: Nickie Bournias

How to Hike Oregon’s Central Cascades

May 12, 2021

Editor’s note: Oregon’s COVID-19 restrictions have eased, but businesses may ask you to wear a face cover – bring one along and be patient and kind if asked to wear it. It’s also wildfire season – plan ahead and do your part to prevent wildfires.

Even if you haven’t experienced Oregon’s Central Cascades, you might recognize the jaw-dropping images, as if straight out of a fairy tale. Deep azure-blue skies pop against the lush green old-growth forest trails. Clear streams sparkle amidst wildflower-filled alpine meadows. And, of course, some of Oregon’s most distinctive peaks — Mt. Jefferson, Mt. Washington and the Three Sisters — make for postcard-perfect horizons at every turn. 

The area is so popular for hiking, in fact, that some trails have seen increased use of three to five times what they used to. In order to protect these fragile ecosystems for future generations — and in accordance with the Wilderness Act of 1964 — there’s now a permit system in place for visits between May 28 and Sept. 24, 2021. Limiting the number of visitors will help preserve the trails’ wild beauty, reduce trail erosion, protect wildlife and make for less-crowded experiences for all. 

So where to start? If you’re inspired to visit the Mt. Jefferson, Mt. Washington or Three Sisters wilderness areas in 2021, you’ll need to secure a Central Cascades Wilderness Permit before your trip for all overnight visits, as well as for day-use visits to 19 of the area’s 79 trails. To do so, you can make a reservation online at Recreation.gov, or call 1-877-444-6777.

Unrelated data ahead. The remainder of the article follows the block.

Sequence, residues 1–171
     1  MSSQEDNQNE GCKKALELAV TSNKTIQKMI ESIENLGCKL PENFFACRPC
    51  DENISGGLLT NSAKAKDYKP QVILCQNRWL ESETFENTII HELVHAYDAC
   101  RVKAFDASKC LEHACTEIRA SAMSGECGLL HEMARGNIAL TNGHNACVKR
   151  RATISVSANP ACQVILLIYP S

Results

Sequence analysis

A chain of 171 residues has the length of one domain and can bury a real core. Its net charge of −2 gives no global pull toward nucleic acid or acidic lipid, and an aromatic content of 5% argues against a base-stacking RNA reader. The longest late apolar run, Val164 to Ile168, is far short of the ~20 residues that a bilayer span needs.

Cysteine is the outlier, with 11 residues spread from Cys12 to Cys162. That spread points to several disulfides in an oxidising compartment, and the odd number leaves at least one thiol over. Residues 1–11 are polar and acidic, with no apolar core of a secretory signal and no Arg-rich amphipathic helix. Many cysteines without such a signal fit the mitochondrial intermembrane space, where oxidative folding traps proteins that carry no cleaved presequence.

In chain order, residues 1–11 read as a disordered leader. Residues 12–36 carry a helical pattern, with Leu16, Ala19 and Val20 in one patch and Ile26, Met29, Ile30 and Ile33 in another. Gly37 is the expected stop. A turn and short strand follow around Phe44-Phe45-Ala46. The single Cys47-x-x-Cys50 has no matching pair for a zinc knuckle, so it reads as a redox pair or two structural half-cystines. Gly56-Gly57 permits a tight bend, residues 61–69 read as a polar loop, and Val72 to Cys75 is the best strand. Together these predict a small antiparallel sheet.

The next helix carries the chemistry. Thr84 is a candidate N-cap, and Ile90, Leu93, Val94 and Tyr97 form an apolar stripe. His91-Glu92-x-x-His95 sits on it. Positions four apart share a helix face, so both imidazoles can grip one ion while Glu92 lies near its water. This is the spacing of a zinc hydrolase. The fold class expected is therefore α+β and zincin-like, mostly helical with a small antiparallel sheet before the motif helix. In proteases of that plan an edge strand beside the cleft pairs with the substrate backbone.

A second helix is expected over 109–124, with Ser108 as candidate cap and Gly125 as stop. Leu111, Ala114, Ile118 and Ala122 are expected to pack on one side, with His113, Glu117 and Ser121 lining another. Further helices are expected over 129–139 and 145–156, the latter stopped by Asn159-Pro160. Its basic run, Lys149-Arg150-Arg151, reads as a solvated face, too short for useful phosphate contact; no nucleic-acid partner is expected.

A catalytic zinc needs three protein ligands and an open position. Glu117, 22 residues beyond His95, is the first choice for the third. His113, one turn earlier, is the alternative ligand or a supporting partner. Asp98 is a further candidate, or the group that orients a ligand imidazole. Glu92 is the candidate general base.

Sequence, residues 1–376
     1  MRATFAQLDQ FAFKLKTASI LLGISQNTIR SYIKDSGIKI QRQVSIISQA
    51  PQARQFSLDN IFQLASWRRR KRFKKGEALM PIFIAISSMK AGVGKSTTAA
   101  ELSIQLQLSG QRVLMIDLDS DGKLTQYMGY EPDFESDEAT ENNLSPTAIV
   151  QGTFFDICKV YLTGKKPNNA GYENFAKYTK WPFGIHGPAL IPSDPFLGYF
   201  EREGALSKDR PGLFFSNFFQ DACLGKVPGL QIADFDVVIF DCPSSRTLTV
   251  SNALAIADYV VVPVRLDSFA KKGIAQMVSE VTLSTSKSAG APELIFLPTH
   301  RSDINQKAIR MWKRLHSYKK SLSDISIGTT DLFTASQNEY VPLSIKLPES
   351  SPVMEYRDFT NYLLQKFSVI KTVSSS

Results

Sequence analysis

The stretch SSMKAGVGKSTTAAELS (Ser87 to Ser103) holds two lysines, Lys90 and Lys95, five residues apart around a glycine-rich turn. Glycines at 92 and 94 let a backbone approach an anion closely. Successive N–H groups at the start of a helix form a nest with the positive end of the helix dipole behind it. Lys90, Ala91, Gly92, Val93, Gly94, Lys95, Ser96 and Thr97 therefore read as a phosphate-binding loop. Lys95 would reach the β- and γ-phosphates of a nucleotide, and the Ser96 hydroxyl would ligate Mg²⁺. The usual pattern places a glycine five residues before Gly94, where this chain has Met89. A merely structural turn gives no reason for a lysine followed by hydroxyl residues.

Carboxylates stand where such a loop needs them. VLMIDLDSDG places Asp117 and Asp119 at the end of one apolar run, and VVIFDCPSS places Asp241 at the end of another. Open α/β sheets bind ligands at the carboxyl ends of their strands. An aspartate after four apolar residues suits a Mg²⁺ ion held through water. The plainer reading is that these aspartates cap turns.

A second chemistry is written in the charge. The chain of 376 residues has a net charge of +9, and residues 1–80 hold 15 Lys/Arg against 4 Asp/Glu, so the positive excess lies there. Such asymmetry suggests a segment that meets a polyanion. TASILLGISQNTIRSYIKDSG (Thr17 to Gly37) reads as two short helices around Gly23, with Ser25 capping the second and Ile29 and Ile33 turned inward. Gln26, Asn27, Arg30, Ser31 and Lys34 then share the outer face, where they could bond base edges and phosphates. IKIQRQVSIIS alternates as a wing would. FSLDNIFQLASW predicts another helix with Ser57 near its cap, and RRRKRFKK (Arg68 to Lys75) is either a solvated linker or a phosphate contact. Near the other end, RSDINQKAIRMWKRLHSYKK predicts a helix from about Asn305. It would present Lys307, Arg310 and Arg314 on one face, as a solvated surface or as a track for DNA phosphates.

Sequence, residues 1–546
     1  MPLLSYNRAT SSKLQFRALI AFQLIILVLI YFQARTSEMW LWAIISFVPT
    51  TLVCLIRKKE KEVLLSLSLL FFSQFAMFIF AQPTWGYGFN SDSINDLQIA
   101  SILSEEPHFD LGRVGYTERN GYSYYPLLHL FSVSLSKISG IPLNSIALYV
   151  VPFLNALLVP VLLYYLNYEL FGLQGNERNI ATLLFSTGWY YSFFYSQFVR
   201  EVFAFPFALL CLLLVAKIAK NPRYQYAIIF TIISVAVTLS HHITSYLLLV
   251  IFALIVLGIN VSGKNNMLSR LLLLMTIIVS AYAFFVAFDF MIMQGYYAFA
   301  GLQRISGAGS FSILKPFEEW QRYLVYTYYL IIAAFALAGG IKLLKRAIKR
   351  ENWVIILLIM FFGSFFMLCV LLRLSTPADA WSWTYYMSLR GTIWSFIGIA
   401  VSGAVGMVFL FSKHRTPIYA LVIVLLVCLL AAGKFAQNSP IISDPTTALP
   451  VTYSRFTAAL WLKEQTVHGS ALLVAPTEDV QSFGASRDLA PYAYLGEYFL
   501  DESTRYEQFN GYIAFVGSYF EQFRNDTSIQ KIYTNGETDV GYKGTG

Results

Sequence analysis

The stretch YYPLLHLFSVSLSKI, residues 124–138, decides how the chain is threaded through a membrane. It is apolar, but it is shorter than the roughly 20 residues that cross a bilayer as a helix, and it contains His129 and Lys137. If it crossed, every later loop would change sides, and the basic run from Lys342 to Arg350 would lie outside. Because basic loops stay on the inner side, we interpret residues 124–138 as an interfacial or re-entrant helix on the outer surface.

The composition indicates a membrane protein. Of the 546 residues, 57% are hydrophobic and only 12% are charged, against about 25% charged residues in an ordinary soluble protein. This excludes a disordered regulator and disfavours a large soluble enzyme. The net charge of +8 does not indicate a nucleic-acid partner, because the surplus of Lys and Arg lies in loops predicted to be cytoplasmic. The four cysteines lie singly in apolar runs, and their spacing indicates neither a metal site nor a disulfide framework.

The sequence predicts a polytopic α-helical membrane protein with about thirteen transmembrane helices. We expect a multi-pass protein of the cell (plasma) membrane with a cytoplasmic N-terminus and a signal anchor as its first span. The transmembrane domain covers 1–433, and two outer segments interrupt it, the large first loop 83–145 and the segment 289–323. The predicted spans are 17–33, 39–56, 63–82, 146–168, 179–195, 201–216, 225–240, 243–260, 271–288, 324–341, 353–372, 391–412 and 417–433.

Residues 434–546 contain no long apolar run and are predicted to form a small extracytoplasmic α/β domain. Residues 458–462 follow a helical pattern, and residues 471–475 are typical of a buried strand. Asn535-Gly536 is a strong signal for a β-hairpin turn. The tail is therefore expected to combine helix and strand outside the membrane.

(Those 60 trails that do not require Central Cascades Wilderness Permits do require a wilderness self-issue permit, which are free and available at the trailheads.) 

If you’re ready to try for a Central Cascades Wilderness Permit, here are some insider tips for success.

A runner goes down a dirt trail with Three Fingered Jack behind.
The Canyon Creek Meadows Loop is popular 7.5-mile loop that requires permit this summer. (Photo by Tyler Roemer)

Plan in Advance

While permits opened for early-season booking in April, most if not all advance permits are already sold out. But don’t fear — there are still plenty of permits that you can secure a week before your desired trip date. So get those calendars out and pin a reminder for one week before you want to hike the trail. A new permit is required for each outing. 

Get Ready to Book

For the smoothest process, tackle the logistics before your permit-booking day. Create an account on Recreation.gov in advance. Know where to find the hike you want to book. Log in right at 7 a.m., when reservations open, for the best chance to claim a golden ticket. 

Coordinate With Your Pod

Check in with your pod, because you’ll have to select your group size or have each person in your party book their own permit, so make sure they’re up to speed on the plan. Make sure you know whether you’re only needing a day permit or an overnight permit — those are found in a separate area of the website.